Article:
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Kenneth E. Bailey, Th.D. is a research scholar and lecturer in Middle Eastern New Testament Studies   After university and seminary studies, Dr. Bailey completed degrees in Arabic Language and Literature, Systematic Theology and finally a doctorate in New Testament.  Ordained by the Presbyterian Church (USA), Dr. Bailey spent 40 years (1955-1995) living and teaching in seminaries and institutes in Egypt, Lebanon, Jerusalem and Cyprus.

For 20 of those years Dr. Bailey was Professor of New Testament and Head of the Biblical Division of the Near East School of Theology in Beirut where he also founded and directed the Institute of Middle Eastern New Testament Studies.  From September 1985 to June 1995 Dr. Bailey was on the faculty of the "Ecumenical Institute for Theological Research" in Jerusalem with the title of Research Professor of Middle Eastern New Testament Studies.

Starting in June of 1990 the Bailey's accepted an additional responsibility as "Theologian in Residence" with the Episcopal Diocese of Cyprus and the Gulf with residence in Nicosia, Cyprus where in 1992 Dr. Bailey was installed as a Canon of the Cathedral.  During his years in Cyprus he spent a third of each year teaching in Jerusalem at the Institute.

Dr. Bailey's area of specialty is the cultural background and literary forms of the New Testament.   He has authored the scripts for two professionally produced feature length films.  He has also professionally recorded over 100 video lectures on a variety of New Testament themes.  He has taught as an adjunct professor at Pittsburgh and McCormick Presbyterian Seminaries as well as at Fuller Seminary in California.  He has lectured in theological colleges and seminaries in England (Oxford, Cambridge, Bristol), Ireland, Canada, Egypt, Finland, Latvia, Denmark, New Zealand, Australia and Jerusalem.  He is active as a Bible teacher (in Arabic and in English) for conferences and continuing education events in the Middle East, Europe, and North America.  His writings have been translated and published in more than 20 languages.  He is a member of Studiorum Novi Testamenti Societas and is listed in Who's Who in Biblical Studies and Archeology (Washington: Biblical Archeology Society, 1987, 1992).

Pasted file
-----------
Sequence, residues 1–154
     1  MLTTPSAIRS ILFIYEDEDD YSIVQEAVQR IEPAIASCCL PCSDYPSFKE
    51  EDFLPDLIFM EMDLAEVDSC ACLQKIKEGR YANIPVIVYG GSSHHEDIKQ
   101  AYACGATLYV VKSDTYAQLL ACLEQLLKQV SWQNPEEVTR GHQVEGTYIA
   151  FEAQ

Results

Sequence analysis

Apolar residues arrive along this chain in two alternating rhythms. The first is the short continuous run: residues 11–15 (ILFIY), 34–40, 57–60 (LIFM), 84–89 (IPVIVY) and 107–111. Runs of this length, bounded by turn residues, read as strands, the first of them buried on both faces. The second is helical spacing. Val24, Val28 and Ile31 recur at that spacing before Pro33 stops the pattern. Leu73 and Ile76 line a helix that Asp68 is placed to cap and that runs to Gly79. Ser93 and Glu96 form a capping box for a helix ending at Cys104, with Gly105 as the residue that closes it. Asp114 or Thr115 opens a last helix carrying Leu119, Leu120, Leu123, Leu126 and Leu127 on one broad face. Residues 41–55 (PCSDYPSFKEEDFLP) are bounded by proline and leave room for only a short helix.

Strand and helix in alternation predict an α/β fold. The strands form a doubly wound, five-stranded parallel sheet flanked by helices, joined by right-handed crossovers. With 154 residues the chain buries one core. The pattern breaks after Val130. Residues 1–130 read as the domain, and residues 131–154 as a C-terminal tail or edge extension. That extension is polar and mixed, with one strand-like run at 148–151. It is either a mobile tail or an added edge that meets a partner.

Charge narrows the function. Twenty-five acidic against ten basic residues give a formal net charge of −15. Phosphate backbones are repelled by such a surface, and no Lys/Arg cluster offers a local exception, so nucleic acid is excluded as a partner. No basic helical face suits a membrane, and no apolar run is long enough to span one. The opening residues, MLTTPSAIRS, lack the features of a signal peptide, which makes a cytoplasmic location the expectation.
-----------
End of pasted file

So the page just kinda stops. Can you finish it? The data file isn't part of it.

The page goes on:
In December 1995 the Baileys officially retired and now reside in New Wilmington, PA.  Dr. Bailey continues his ministry of lecturing, writing and recording in the field of New Testament.  In June, 1997, he was installed as Canon Theologian of the Diocese of Pittsburgh of the Episcopal Church, PA, USA. 

Mrs. Ethel Bailey was a research assistant to Dr. Jonas Salk at the time he discovered his polio vaccine.  She taught microbiology (in Arabic), raised a family, and typed all of Dr. Bailey's manuscripts.  In Beirut she was the recording secretary for the school board of the American Community School.  While in Jerusalem, she was active in the leadership of daily ecumenical worship at the Tantur Institute and in various other aspects of the life of the community.  The Baileys have two children, Sara and David.

Dr. Bailey has kindly given permission for us to offer his article "Women in the New Testament:  A Middle Eastern Cultural View."   This article was written in 1995.  The truth about God's view of women is not new, it has been clearly stated over and over.  Dr. Bailey shows through careful consideration of scripture that biblically there is no ground for discrimination against women.  It is amazing, that in the church, the tradition remains so prevalent.

"Women in the New Testament: A Middle Eastern Cultural View"

by  Kenneth E. Bailey, Th.D.

The broader topic of the place of women in the family, in society and in the Church is now discussed over much of the Christian world across a wide spectrum of opinion.  Few topics have held as much promise and pain, hope and despair, change and deep uneasiness about change as this topic and it is clear that the New Testament is critical to it.  This essay focuses on the New Testament.  Yet regarding the biblical witness there is a strong tendency to see Scripture through the eyes of traditional interpretation of it, or through the eyes of current ideologies.  Here, a rigorous attempt will be made to allow Scripture itself to control and correct our understanding of it. 

As is known, the NT is deeply influenced by its first century Middle Eastern cultural setting.  Trying to discern the fabric of cultural assumptions that underlie the NT has been my life-long focus in NT studies.  As a supplement to other historical concerns, this lens will be utilized as we examine our topic.

We will first expose what appear to be two opposing attitudes in the New Testament towards women in the
church.  We will then see if these two ‘opposites’ can be reconciled.  The problem is simply this: one set of NT texts appears to say ‘yes’ to women while a second set appears to say ‘no’.  .  . 

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